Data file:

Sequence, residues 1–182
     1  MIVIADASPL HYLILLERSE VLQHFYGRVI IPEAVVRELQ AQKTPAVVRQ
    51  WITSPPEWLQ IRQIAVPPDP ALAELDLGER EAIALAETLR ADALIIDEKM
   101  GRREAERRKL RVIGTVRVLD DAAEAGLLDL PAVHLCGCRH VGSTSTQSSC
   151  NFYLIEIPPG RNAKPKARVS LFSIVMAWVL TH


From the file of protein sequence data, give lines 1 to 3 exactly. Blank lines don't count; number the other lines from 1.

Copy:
Sequence, residues 1–182
     1  MIVIADASPL HYLILLERSE VLQHFYGRVI IPEAVVRELQ AQKTPAVVRQ
    51  WITSPPEWLQ IRQIAVPPDP ALAELDLGER EAIALAETLR ADALIIDEKM